After two student-athletes from the University of Washington were dismissed from the men’s rowing team and charged for allegedly distributing a video of both men having sex with an intoxicated female freshman student without her consent in 2017, coaches had to take a hard look at the culture being fostered in their program.
Men’s and women’s rowing team physician Hank Pelto told the Seattle Times, “There was kind of this guttural feeling that something more needed to happen, or we needed to take it in our own hands.” The result was the founding of Student Athletes Against Sexual Harassment and Assault.
Then-captain of the women’s rowing team and current assistant coach Maggie Phillips was a driving force in that conversation, sharing her vision that the initiative against rape-culture at the UW would be student-driven. “At the end of the day, the people that are creating the culture are the people that are rowing the boats,” she said. “Any change is going to come from them.”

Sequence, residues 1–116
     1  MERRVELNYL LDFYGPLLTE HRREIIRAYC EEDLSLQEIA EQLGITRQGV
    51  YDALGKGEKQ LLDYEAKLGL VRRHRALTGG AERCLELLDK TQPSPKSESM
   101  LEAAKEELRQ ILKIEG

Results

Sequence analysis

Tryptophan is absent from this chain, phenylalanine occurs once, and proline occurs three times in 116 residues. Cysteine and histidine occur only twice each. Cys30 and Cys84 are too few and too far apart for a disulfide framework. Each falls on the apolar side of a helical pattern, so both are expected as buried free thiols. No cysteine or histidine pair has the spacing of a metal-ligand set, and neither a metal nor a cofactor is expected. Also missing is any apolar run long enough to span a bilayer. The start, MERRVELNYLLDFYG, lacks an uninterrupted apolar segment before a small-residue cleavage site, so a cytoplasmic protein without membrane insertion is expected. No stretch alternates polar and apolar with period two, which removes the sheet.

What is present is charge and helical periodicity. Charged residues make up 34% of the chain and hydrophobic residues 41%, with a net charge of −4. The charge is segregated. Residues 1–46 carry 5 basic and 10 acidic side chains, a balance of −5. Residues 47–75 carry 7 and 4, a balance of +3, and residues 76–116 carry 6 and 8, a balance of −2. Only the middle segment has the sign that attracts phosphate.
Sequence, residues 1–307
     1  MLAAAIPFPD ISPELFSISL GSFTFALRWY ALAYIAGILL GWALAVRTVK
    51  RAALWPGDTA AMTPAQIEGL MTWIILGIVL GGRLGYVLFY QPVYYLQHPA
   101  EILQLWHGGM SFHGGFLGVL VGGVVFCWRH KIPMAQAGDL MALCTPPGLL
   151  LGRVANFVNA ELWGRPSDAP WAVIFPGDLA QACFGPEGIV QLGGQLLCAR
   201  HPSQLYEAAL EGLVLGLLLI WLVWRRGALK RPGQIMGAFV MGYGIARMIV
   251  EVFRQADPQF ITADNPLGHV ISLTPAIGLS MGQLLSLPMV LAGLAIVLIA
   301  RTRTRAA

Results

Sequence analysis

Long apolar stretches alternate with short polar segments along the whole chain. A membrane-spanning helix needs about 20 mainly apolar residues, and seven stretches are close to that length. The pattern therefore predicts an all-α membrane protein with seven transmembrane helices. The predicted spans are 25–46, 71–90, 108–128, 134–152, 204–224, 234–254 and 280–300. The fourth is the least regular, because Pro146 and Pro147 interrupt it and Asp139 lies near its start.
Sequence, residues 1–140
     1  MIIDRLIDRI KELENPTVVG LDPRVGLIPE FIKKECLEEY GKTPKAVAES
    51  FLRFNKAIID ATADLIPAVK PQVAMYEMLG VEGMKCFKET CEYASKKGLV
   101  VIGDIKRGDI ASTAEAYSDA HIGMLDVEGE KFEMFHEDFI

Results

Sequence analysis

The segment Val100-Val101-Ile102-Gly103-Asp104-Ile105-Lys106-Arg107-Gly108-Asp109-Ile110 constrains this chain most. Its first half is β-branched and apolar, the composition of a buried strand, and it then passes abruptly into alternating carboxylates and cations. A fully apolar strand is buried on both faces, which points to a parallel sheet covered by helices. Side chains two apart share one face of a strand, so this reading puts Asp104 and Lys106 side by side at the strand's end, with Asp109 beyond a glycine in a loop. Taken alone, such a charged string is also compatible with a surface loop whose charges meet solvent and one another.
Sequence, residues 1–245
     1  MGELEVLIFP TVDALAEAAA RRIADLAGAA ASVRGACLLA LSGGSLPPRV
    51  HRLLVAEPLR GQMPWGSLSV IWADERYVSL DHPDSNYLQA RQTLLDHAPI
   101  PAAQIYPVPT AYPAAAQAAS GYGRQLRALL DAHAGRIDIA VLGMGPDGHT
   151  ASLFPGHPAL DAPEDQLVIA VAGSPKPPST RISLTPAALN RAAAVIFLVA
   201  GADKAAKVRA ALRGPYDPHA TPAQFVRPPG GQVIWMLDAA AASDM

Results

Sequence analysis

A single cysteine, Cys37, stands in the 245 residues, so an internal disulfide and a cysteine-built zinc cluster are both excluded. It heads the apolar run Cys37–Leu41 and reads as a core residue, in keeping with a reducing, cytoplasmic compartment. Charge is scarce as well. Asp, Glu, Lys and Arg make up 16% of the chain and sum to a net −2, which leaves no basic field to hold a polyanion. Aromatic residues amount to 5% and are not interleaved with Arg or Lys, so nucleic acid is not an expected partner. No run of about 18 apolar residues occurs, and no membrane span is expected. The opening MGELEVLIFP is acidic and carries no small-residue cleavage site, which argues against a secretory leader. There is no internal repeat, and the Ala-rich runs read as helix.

With the goal of creating change from the bottom up, Phillips began by getting women’s rowing coach Yasmin Farooq and Pelto on board. Then she started recruiting students, starting with members of the men’s and women’s rowing teams and then reaching out to other UW athletics programs with hosted discussions.
Phillips and Pelto gave a joint presentation of SAASHA at the most recent U.S. Rowing conference with the hope of spreading awareness to other universities. The group has also begun meeting with local youth rowing groups.
“There’s a real realization from all of us that college is too late to address this,” said Pelto. “People are forming their relationships and their ideas about relationships and sex and alcohol consumption much earlier than college, so the real power of this group is using the strength and societal force of a college athlete to go to some of these younger groups and say, ‘Hey, this is an important topic. You need to pay attention to this. This is real life.’”